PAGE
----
As stated previously, there exists controversy over prophylactic appendectomy and the use of mesh [1–5]. In cases of Amyand’s hernia with appendicitis or perforation, appendectomy should be performed. In those in which the appendix is normal without any inflammation, most believe appendectomy is not necessary. The appendix may be reduced, and the hernia is repaired with mesh. There are some that advocate appendectomy in all cases of Amyand’s hernia [1, 2, 5]. These individuals generally believe that the appendix is prone to relocate within the hernia, and manipulation of the appendix during reduction may lead to appendicitis.
In all cases of uninflamed Amyand’s hernia, hernia repair with mesh is acceptable [1–3, 5]. In regard to the debate of hernia repair with mesh, many believe that using mesh in the presence of inflammation or abscess increases the risk of wound infection, sepsis, fistula formation, and recurrent hernias. Nevertheless, there are authors that have used newer biologic meshes in cases of inflamed and perforated appendicitis without any development of infection [1, 4].
Management of De Garengeot’s hernia is similar to Amyand’s hernia. Because there are fewer cases of De Garengeot’s hernia, there is no standardized treatment or consensus on management [8, 10]. It is generally believed that appendectomy should only be performed in cases of strangulation or inflammation, and mesh should not be used in the presence of inflammation. Again, controversy exists concerning prophylactic appendectomy and hernia repair with mesh. In appendicitis with abscess or perforation, the surgical approach should be restricted to the groin to avoid dissemination of infection to the abdomen .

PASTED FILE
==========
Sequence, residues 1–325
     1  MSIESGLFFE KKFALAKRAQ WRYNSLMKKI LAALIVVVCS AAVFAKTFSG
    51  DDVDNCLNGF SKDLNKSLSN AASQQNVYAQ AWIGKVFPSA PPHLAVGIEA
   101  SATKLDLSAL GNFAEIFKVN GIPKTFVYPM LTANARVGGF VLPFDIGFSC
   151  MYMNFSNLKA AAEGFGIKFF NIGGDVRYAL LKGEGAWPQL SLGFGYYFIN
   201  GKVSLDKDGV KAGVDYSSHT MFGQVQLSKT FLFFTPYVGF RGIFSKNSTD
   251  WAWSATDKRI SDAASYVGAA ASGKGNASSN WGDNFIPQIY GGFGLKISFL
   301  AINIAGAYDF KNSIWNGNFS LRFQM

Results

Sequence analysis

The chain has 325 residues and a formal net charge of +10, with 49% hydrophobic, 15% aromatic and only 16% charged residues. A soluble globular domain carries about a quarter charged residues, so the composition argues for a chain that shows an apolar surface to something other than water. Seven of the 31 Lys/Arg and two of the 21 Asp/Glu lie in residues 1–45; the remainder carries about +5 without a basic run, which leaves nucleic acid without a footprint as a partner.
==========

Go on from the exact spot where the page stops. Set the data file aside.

The definitive treatment of Amyand’s and De Garengeot’s hernias is primarily the responsibility of the surgeon. The role of the emergency physician is to identify this rare presentation. Both patients in this case presented with typical symptoms of appendicitis and hernia, which prompted obtaining CT imaging. The ability to identify these variants on imaging is important and can be very challenging. In both cases, the location of the appendix and hernias were poorly visualized on CT imaging and were better identified in the operating room. The CT images for these patients are displayed in Figures 1–3.
In conclusion, Amyand’s hernia and De Garengeot’s hernia are extremely rare. The occasion to observe both in such a short time frame is unremarkable. The patients in this case series were managed following current recommendations of the majority, and they recovered without any significant complications.
Conflicts of Interest
The authors declare that they have no conflicts of interest.
The authors acknowledge Anne C. Knorr and Dr. Chadd Kraus.